BLOCK: Jarrett says of course Obama wishes he had turned the presidential baton over to a better steward, as she puts it. But he believes that constantly taking Trump on would inevitably turn him into a Republican target and distract attention from the issues. Another close confidant, Obama Foundation Chairman Marty Nesbitt, says Obama is carefully calibrating how he engages.
MARTY NESBITT: He understands that, you know, his voice can suck a lot of oxygen out of the room and that he needs to give space to the next generation of progressive leadership to take the reins of the party and move it along in the right direction.
BLOCK: Obama's low profile up until now is entirely consistent with everything we know about the country's 44th president, says Obama biographer David Maraniss.
DAVID MARANISS: As a community organizer, he was always trying to push the people out in front of himself. I think that as president he was trying to do that. And it didn't always work. And it actually frustrated a lot of people that he wasn't more vocal and that the party suffered because of that during his eight years as president even as he was thriving. So here's a chance for him to make up for that.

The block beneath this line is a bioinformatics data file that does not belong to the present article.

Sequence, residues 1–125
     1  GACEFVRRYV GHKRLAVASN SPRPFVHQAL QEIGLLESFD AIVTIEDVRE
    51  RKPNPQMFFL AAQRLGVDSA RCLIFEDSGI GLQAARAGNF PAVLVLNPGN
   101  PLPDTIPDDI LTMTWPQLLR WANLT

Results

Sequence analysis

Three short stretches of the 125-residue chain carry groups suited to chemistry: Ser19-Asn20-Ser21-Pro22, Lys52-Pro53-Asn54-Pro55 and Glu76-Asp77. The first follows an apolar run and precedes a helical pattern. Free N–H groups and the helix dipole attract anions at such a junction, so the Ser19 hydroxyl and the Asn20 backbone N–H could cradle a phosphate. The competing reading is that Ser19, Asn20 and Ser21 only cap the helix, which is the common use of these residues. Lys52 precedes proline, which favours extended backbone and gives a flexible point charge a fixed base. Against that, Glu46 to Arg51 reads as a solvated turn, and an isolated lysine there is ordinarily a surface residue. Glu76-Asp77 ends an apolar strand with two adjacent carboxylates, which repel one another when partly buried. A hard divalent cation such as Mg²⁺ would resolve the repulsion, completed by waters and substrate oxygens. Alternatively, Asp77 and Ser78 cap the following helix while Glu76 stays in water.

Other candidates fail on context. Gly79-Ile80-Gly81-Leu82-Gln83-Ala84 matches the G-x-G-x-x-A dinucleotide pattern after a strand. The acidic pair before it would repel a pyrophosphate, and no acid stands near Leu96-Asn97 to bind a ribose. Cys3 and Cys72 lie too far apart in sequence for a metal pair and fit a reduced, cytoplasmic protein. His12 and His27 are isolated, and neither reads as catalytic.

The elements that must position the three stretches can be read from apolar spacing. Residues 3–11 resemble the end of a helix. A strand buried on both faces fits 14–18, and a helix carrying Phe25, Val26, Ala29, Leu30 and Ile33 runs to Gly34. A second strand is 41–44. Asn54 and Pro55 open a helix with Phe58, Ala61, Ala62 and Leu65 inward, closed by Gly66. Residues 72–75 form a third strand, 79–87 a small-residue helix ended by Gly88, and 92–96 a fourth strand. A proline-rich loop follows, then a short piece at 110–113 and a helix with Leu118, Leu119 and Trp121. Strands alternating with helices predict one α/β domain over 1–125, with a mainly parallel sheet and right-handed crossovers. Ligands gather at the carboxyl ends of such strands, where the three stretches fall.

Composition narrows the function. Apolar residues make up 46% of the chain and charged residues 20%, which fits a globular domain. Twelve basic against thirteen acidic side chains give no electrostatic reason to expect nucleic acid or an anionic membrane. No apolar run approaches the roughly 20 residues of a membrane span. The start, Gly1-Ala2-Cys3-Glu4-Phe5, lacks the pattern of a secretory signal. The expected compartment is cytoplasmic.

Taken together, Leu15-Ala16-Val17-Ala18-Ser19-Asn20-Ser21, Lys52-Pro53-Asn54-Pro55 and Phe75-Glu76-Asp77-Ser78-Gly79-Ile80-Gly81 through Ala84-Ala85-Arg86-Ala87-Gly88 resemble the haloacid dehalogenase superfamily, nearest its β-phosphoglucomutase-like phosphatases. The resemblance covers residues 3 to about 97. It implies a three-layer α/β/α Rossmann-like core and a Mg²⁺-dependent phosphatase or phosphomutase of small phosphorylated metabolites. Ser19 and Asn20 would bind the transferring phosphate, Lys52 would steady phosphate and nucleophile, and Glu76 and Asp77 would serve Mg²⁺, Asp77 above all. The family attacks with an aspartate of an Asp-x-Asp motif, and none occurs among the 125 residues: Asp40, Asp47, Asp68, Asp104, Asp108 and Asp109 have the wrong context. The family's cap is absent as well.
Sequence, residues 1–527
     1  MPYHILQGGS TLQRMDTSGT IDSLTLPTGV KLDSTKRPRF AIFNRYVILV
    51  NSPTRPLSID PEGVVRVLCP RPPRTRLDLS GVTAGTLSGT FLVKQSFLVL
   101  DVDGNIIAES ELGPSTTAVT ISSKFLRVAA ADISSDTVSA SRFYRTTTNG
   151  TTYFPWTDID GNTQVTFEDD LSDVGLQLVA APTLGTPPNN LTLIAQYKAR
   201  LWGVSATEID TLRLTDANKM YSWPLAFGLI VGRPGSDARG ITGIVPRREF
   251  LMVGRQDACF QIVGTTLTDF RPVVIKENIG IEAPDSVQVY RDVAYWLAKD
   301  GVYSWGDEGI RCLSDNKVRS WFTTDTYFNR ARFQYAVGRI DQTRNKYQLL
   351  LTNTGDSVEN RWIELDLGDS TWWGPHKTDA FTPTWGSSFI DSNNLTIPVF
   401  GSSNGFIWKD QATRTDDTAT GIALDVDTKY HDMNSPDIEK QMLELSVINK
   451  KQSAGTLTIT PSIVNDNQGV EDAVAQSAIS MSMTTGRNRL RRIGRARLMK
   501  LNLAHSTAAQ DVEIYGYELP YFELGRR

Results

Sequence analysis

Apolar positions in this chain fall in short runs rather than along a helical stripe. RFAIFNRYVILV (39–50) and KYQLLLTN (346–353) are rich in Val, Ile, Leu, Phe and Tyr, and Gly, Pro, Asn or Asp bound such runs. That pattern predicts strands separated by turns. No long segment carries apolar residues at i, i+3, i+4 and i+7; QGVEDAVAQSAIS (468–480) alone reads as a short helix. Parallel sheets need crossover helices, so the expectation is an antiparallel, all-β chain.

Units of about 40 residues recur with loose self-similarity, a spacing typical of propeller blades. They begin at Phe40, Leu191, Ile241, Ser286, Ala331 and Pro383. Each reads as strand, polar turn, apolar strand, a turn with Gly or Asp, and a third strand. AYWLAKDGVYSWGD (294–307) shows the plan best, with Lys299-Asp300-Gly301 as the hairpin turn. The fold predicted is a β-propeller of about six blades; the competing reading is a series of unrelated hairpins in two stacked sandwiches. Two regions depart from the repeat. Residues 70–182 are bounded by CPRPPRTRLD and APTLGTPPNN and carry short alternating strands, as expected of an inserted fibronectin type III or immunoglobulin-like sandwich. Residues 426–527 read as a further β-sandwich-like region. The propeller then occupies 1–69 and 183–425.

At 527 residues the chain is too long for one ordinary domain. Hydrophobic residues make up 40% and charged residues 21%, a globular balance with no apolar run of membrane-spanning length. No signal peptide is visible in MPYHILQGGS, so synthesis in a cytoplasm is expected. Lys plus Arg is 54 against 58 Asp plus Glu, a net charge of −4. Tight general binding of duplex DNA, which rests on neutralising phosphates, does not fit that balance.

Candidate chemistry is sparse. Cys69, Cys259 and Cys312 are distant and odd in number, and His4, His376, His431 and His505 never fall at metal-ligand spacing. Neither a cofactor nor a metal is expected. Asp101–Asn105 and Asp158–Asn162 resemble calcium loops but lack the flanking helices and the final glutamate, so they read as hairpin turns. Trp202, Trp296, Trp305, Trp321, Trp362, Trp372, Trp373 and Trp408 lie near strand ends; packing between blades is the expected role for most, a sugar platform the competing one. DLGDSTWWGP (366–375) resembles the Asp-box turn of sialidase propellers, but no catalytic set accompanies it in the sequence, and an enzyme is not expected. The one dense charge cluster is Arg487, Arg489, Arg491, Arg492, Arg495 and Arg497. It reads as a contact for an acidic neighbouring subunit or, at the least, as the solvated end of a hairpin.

BLOCK: And Obama can start to make up for that on the campaign trail. Maraniss says remember that he has always taken the long view, that long arc of the moral universe that Obama often quotes bending toward justice.
MARANISS: This is a real test of his philosophy, which is that the correct will prevail in the end, that 50 years from now the Trump retrograde presidency will diminish and the changes that Barack Obama was a small part of ushering in will prevail. I think he still believes that. But it's certainly being put to the test in this moment.
BLOCK: That core belief is at the heart of the Obama Foundation's mission. And that foundation is a key part of how Obama is shaping his post-presidency. Tomorrow on the program, we'll visit the foundation in Chicago and its program to train the next generation of community organizers.
(SOUNDBITE OF ARCHIVED RECORDING)
UNIDENTIFIED PERSON: I said I'm alive.
UNIDENTIFIED CROWD: I'm alive.
UNIDENTIFIED PERSON: I'm awake.
UNIDENTIFIED CROWD: I'm awake.
BLOCK: Melissa Block, NPR News.
(SOUNDBITE OF ARCHIVED RECORDING)
UNIDENTIFIED PERSON: And I'm energized.
UNIDENTIFIED CROWD: I'm energized.
UNIDENTIFIED PERSON: Good morning, Chicago.
(SOUNDBITE OF THE OLYMPIANS' "APOLLO'S MOOD") Transcript provided by NPR, Copyright NPR.